Gov. Bruce Rauner, criticized on the campaign trail for running companies in the past with few if any minorities at the top, on Monday ordered companies contracting with the state of Illinois to start counting how many veterans and minorities they employ or train.
Rauner hasn’t yet set any particular quotas or goals for participation by vets and minorities, nor did he lay out repercussions for those that don’t measure up.
“You can’t manage what you don’t measure,” the newly installed governor said. “I want to measure the results. I want to see firsthand in the light of day, what is going on in training programs and in the apprentice programs in the organizations that contract with the state. Then we’ll decide from there when we know the facts and we see the trends, what appropriate action we can take further.”
Flanked by a select group of African-Americans, Hispanics and veterans, Rauner signed the executive order at Gage Park High School on the city’s Southwest Side, which hosted a Day of Service to honor Dr. Martin Luther King Jr. on the holiday marking the birthday of the slain civil-rights leader.
The order also apparently requires all labor unions contracting with the state as well as contractors and subcontractors to report within 30 days how many minorities and veterans they employ and how many more they have in training apprenticeship programs.
And it orders the state’s Central Management Services department to assess by June 30 what state law requires regarding goals and preferences for the hiring of veterans in state contracts, and by December 31 a disparity study of how many minority- and veteran- owned businesses have been awarded contracts. Rauner said he wants CMS to recommend how to solve inequality in contract awards.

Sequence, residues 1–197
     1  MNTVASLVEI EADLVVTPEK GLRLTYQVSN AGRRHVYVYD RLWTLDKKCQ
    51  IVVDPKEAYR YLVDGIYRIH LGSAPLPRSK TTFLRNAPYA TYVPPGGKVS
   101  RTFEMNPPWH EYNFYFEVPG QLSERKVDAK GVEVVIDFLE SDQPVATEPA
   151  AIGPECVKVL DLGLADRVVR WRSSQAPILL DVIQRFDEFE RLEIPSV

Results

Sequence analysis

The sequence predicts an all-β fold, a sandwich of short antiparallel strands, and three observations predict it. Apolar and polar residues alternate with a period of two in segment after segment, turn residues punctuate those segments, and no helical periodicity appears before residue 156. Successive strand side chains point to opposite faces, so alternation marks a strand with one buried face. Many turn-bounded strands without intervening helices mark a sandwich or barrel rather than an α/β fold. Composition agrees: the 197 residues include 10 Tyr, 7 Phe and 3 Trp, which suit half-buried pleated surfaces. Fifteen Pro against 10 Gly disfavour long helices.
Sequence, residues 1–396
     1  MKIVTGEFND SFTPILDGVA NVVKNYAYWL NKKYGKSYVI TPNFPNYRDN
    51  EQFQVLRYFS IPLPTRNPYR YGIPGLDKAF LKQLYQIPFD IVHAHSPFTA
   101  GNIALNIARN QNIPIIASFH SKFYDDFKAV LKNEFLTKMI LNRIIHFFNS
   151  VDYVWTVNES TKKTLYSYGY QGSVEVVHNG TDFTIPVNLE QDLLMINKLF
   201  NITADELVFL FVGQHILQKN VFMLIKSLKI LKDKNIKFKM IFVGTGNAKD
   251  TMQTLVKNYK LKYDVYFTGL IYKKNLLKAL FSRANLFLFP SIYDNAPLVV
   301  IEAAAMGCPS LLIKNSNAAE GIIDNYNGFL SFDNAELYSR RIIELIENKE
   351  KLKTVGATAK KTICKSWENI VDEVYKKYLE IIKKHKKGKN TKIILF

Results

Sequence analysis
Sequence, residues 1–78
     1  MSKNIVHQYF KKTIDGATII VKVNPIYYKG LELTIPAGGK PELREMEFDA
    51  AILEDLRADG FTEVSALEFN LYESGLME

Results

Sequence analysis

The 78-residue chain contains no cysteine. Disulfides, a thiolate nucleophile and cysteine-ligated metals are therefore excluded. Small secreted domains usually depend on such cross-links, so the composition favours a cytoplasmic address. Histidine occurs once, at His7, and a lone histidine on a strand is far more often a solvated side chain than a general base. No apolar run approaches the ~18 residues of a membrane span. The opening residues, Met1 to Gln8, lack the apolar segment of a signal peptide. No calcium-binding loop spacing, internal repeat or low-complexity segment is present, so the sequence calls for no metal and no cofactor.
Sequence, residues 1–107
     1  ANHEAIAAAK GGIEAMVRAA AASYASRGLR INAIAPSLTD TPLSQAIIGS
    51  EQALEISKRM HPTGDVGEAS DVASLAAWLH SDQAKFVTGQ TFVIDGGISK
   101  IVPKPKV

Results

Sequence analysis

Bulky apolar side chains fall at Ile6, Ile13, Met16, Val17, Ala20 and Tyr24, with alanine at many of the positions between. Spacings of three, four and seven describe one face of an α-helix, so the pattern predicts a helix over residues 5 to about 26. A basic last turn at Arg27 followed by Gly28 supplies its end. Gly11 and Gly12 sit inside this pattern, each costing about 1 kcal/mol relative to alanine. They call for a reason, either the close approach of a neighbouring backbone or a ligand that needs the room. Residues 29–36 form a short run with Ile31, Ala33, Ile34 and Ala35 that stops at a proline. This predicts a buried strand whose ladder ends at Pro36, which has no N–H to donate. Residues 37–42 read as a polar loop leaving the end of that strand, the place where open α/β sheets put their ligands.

Rauner was called out during his campaign for a lack of diversity in top positions at GTCR, a venture capital company. Asked at the time why the company didn’t hire more minorities or women, he said, “We weren’t finding the folks. They weren’t there.”
Though the order doesn’t specifically mention businesses owned by women, the governor said they’d be included in his efforts to diversify the state’s work force.
As volunteers painted quotations and the people who uttered them on the walls of the giant school’s hallways, Rauner defended some of his recent appointments to top-level state jobs, pointing to Evelyn Sanguinetti as the state’s first Latina lieutenant governor; to the Rev. James Meeks, who’s to chair the Illinois State Board of Education; and to at least three other African-American women he’s called upon to head departments.
Rauner also said he would not rule out an expansion of gambling in the state to “maximize the opportunities to raise revenue that can help our social services” and education.
“Everything’s on the table,” he said.